Algorithms for ISAR Image Recognition and Classification

Algorithms for ISAR Image Recognition and Classification

Copyright: © 2014 |Pages: 26
DOI: 10.4018/978-1-4666-4896-8.ch010


Two different novel methods for classification of aircraft categories of Inverse Synthetic Aperture Radar (ISAR) images are presented. The first method forms numerical equivalents to shape, size, and other aircraft features as critical criteria to constitute the algorithm for their correct classification. The second method compares each ISAR image to unions of images of the different aircraft categories. ISAR images are constructed based on the Doppler shifts of various parts, caused by the rotation of the aircraft and the radar reflection pulse shape, which includes the size or duration of the radar pulse. The proposed classification algorithms were tested on seven aircraft categories. All seven different aircraft models are flying a holding pattern. The aim of both algorithms is to quickly match and determine the similarity of the captured aircraft to the seven different categories where the aircraft is in any position of a prescribed holding pattern. Experimental results clearly indicate that in most parts of the holding pattern the category of the aircraft can be successfully identified with both proposed methods. The union method shows more successful identification results and is superior to the results we obtained in the first proposed method.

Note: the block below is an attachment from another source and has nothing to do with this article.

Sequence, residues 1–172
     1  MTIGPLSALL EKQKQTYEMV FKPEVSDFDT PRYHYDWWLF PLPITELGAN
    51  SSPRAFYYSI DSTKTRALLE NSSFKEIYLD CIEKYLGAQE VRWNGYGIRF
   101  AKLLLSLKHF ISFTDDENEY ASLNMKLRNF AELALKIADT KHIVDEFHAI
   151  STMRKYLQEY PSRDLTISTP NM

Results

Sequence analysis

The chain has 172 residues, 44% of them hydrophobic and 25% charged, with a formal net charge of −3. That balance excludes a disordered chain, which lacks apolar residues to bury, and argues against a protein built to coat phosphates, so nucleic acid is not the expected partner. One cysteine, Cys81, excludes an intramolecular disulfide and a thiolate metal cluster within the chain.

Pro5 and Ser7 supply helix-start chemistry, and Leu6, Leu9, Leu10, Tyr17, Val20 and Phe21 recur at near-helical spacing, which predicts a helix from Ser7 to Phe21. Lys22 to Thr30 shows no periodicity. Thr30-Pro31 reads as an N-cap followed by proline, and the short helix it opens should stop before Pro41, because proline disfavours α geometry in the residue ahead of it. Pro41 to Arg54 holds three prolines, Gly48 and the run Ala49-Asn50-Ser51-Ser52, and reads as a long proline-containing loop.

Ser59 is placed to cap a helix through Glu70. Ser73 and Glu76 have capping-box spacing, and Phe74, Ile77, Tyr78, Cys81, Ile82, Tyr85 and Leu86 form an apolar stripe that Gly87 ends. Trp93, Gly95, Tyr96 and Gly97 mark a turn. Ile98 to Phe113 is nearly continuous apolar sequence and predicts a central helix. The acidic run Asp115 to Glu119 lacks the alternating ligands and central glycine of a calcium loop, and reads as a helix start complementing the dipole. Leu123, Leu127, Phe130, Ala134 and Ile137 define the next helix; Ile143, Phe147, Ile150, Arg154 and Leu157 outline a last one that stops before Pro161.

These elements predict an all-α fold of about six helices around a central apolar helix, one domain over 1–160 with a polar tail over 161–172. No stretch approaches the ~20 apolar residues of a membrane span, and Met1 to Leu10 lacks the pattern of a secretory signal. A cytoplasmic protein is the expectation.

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1. Introduction

Inverse Synthetic Aperture Radar (ISAR) acquires both range and Doppler shifts to form an image of a target. It offers more information about the target than a one dimensional range profile obtained from timing and duration of a radar echo return alone. Any rotation of the target introduces Doppler shifts in frequency from different parts of the target. Together with pulse return shape, these Doppler shifts reveal information about the shape and the size of the target. Some methods test only for features that are extracted from the ISAR image to identify what kind of target has been detected, as described in (Saidi, 2008), (Maskall, 2002), (Vespe, 2006), (Manikandan, 2007). This is more efficient than evaluating the whole target. Some methods use optimal classifiers, presented in (Kim, 2005), (Martorella, 2008), (Hu, 2007), to determine what kind of target is responsible for the image. In military applications, it is desirable to be able to automatically identify the aircraft model from as little radar information as possible. It is likely that the combat crews of attacking aircraft will do everything they can to deprive their target of the use of radar information about their attack. Usually, automatic electronic countermeasure avionics on the attacking aircraft or an electronic warfare officer in the flight crew will jam the radar as soon as the radar is detected. The target of the attack will have only the first radar pulses to try to identify what categories of aircraft are making the attack. It would be a great advantage to know from as little as one returned radar pulse what kind of aircraft are involved.

Many schemes of ISAR target recognition have been developed that test only the features taken from the ISAR images with high efficiency. This saves the time exhausted while trying to compare the whole target aircraft. Some methods use optimal classifiers to determine what kind of target is responsible for the image.

Algorithms for automatic classification of various aircraft models are proposed in this chapter. Just as in direct human observation of a target such as an aircraft there are limits of what an observer, in this case the proposed automatic software can see and this will make it difficult to identify what classification of aircraft is observed. There are situations in which there are limits of what is possible to determine from an ISAR image. These limits will be discussed and possible ways to get more information out of the ISAR images will be suggested.

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